Did you hear about the women’s marches all over the world a couple Saturdays ago, on January 21, 2017? I don’t know how I missed it, but probably it’s because I was still reeling from the massive turnout for Donald Trump’s inauguration. Massive. The biggest inaugural turnout in history. At least, since 1988. For Republican presidents anyway.
I take it back, I did hear about the marches. But I chose not to go to one, and here’s why, long version.
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Last month my mom fractured her femur, the big thigh bone, right where it goes into the hip. To understand the full import of this, you need to see drawings. Here look, I found a picture of a femur:
Very Flinstones, yeah? Okay, so that ball thing that juts out at the top, that slots into a space in the hip bone, where it can swivel. Mom’s femur broke like this (do enjoy my scientific, sophisticated annotations):
It’s apparently a very common fracture, which is understandable when you think about how much force that part of the bone has to bear. It’s the cost of having really great swing capacity in our legs so that we can do things like run away from grizzlies in our elementary schools because our teachers don’t carry concealed handguns to protect us.
Just to be clear, the bone didn’t sort of crack a bit. Rather, the bone snapped and shifted, just like I imagine pieces of California will sort of move sidewise and slide off when The Big Quake hits:
(Didn’t I do a nice job of that with scissors and tape? Can you tell I have a first-grader in the house?)
When I finally understood this, I almost cried, because I know that it was six hours from the fall that caused the fracture to when someone finally called 911. Six hours like that before help came for my mom. Brutal.
Left uncorrected, the bone would have eventually knitted itself back together in this new shape. Given the amount of movement with the break, the doctor estimated Mom’s leg would have been about one inch shorter. Maybe she would have been able to walk, but it would have been like a galumphing crippled old lady for the remainder of her days. Which, if it weren’t so horribly awful, would have reminded me in a demented way of my maternal grandmother, who walked with a pretty good limp because one of her feet had been paralyzed by polio when she was young, before the age of vaccines.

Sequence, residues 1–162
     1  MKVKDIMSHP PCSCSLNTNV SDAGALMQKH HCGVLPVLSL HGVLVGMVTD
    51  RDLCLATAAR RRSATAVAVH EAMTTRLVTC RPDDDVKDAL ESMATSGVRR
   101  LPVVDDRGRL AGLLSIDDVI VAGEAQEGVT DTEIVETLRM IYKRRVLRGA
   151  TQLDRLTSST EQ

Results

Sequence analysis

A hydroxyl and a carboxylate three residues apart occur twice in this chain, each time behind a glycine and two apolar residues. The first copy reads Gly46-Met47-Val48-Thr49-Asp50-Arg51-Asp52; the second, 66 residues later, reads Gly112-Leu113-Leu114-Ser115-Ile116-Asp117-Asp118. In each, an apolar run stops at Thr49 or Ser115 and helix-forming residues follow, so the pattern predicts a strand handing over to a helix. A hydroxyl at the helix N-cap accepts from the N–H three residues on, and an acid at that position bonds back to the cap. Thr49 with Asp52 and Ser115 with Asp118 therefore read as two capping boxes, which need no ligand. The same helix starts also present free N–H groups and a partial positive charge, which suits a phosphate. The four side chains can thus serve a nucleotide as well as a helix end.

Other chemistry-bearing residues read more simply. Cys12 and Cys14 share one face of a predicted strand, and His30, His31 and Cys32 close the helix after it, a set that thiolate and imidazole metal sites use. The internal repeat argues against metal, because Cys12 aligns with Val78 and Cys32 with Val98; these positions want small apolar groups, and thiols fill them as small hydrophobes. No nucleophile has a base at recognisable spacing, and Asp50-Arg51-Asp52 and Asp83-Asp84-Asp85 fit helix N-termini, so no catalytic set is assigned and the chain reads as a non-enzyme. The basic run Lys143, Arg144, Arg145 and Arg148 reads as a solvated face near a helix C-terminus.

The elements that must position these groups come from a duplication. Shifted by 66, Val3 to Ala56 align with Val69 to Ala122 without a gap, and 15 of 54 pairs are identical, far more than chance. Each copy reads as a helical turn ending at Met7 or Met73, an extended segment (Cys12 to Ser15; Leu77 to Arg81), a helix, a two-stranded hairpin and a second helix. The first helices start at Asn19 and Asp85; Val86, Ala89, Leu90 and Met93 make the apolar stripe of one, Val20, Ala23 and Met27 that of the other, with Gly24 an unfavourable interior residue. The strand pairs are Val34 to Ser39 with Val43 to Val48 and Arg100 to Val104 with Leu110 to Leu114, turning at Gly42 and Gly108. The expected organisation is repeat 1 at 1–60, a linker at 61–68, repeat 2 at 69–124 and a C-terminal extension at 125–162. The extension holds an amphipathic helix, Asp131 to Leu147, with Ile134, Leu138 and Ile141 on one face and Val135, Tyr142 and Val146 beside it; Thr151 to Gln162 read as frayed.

But thanks to modern medicine — science — this is not Mom’s fate. A surgeon was able to repair the bone using titanium rods. Here is what I saw in the x-rays:
I kid you not. This is a really good likeness of the size of the rods, though presumably not the color. The short rod was embedded in the ball part. Then it was connected to the enormous rod that was jammed all the way down to the knee in the femur.
I felt like I was looking at an x-ray of Wolverine’s femur. What did they do, pour molten titanium into Mom’s leg? Viewed in two dimensions, the rod was filling more space than the bone. It had to be at least an inch in diameter. I couldn’t really wrap my head around what I was seeing. I made the mistake of asking the doctor how they did it. By the time he got to “reamed the bone,” I was weak-kneed. And I was shocked by the full-length rod. Apparently that’s what they do to prevent further fractures, because the entire femur is reinforced and that rod distributes the load evenly when Mom walks, so it prevents any sort of point-loading.
That surgery was six or seven weeks ago, and my Mom has been 100% sidelined during this early stage of recovery. My brother Mark lives about a mile away, so he’s been her primary caregiver since then. Mom and her husband John can’t drive, so Mark does all the shopping, he takes them wherever they need to go, he fixes whatever needs fixing, he manages all the appointments and prescriptions, he plans and cooks all of their meals, and he fills whatever random financial and personal needs come up. Also he has three puppies and two full-grown dogs. Long story.